Pushing Left, Like a Boss — Part 5.10 — Untrusted Data

By Tanya Janca (SheHacksPurple) on May 27, 2021

Trust data from…. No one. Not the database, not APIs, not even your mom.

Sydney, Australia, at #MSIginiteTheTour — I’m the tiny dot at the front

Sydney, Australia, 2019. I'm the tiny dot.

Any data sent to your application needs to be treated as untrusted, and thus validated before it is used or saved. When I say this, I mean ALL DATA. Whoever saved the data to that database may have made an error while validating that input. The API you are calling may have been compromised. Even a highly intelligent user, such as my mother (degrees in both chemistry and mathematics, an accounting designation, and several certifications, including adult education – She's very bright.), could make a simple error when using an application, such as entering a single quote instead of a double quote, which could potentially send your application into an error state, causing a crash or worse. I realize that generally we assume that we are guarding against only malicious actors, but this is not true: even well-meaning, well-educated and computer-literate users can cause problems if your application is too trusting of the data it receives. If you treat all data as potentially malicious you will ensure that your application is not only battle-ready, but also error-proof.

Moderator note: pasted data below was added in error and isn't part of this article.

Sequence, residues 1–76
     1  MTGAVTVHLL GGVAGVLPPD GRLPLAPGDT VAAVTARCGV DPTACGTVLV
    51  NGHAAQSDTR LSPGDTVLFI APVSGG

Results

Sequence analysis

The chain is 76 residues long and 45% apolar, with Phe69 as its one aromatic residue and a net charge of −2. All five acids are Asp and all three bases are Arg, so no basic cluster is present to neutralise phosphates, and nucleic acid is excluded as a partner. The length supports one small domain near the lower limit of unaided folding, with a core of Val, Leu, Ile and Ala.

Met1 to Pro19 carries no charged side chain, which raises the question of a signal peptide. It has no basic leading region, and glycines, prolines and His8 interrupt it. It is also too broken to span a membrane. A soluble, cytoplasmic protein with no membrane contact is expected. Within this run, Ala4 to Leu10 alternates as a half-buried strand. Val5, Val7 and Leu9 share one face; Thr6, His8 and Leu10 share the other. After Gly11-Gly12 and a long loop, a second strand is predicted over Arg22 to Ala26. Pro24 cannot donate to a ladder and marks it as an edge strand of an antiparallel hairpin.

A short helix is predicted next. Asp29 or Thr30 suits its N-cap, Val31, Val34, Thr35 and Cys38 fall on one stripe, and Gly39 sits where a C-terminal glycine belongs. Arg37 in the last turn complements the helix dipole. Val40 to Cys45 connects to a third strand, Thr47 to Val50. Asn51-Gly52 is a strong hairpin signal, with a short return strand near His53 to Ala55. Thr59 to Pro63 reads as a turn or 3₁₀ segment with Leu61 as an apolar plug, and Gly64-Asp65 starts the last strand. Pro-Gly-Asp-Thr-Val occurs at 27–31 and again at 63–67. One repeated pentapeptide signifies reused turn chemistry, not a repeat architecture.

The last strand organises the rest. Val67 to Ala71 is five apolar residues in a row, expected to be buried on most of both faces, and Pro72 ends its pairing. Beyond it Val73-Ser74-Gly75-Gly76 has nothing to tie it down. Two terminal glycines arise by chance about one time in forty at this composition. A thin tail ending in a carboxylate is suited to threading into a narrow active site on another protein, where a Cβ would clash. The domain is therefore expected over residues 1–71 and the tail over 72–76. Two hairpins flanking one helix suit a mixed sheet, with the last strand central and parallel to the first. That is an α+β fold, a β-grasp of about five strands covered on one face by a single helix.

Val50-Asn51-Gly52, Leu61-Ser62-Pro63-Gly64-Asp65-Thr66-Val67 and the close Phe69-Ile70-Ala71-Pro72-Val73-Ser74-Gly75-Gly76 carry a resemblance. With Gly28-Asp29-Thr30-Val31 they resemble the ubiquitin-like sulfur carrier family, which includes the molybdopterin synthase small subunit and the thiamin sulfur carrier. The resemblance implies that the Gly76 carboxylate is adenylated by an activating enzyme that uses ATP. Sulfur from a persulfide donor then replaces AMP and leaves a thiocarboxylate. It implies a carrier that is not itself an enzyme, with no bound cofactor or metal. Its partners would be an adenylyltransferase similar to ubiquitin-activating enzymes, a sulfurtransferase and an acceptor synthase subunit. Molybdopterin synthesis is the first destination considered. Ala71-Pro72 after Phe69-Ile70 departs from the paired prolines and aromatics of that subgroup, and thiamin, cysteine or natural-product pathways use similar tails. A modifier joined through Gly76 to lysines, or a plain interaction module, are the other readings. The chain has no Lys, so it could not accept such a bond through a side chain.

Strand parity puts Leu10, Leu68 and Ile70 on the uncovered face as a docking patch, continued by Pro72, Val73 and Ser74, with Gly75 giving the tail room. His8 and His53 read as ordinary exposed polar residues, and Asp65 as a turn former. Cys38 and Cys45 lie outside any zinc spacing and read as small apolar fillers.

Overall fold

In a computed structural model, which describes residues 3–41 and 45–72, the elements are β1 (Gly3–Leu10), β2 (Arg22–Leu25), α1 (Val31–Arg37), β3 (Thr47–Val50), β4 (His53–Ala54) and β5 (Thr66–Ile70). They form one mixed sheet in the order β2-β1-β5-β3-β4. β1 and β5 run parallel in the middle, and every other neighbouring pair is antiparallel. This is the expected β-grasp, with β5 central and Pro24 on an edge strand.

Validate data from all sources, including:

  • Parameters in the URL
  • The database
  • APIs (internal and external)
  • Other Applications
  • Anything from the user. Especially the user.

References: Check out the OWASP Cheat Sheet for Input Validation!

Up next in the ‘Pushing Left, Like a Boss’ series: Authorization (AuthZ).

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